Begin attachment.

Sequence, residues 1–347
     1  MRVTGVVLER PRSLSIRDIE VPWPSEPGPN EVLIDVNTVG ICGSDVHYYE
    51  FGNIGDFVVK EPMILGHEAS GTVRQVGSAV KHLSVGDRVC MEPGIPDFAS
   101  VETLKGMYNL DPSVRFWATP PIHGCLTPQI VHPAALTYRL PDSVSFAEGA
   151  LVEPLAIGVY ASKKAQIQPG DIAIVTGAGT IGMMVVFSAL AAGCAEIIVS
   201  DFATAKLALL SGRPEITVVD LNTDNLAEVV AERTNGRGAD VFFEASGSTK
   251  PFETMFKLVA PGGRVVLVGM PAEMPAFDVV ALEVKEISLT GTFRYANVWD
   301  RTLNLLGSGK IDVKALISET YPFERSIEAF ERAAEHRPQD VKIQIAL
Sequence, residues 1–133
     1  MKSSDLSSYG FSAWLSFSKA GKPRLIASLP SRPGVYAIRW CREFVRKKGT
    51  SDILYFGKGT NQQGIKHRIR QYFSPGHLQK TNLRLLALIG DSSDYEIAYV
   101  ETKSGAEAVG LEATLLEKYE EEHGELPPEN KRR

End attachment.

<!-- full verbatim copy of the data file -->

Sequence, residues 1–347
     1  MRVTGVVLER PRSLSIRDIE VPWPSEPGPN EVLIDVNTVG ICGSDVHYYE
    51  FGNIGDFVVK EPMILGHEAS GTVRQVGSAV KHLSVGDRVC MEPGIPDFAS
   101  VETLKGMYNL DPSVRFWATP PIHGCLTPQI VHPAALTYRL PDSVSFAEGA
   151  LVEPLAIGVY ASKKAQIQPG DIAIVTGAGT IGMMVVFSAL AAGCAEIIVS
   201  DFATAKLALL SGRPEITVVD LNTDNLAEVV AERTNGRGAD VFFEASGSTK
   251  PFETMFKLVA PGGRVVLVGM PAEMPAFDVV ALEVKEISLT GTFRYANVWD
   301  RTLNLLGSGK IDVKALISET YPFERSIEAF ERAAEHRPQD VKIQIAL
Sequence, residues 1–133
     1  MKSSDLSSYG FSAWLSFSKA GKPRLIASLP SRPGVYAIRW CREFVRKKGT
    51  SDILYFGKGT NQQGIKHRIR QYFSPGHLQK TNLRLLALIG DSSDYEIAYV
   101  ETKSGAEAVG LEATLLEKYE EEHGELPPEN KRR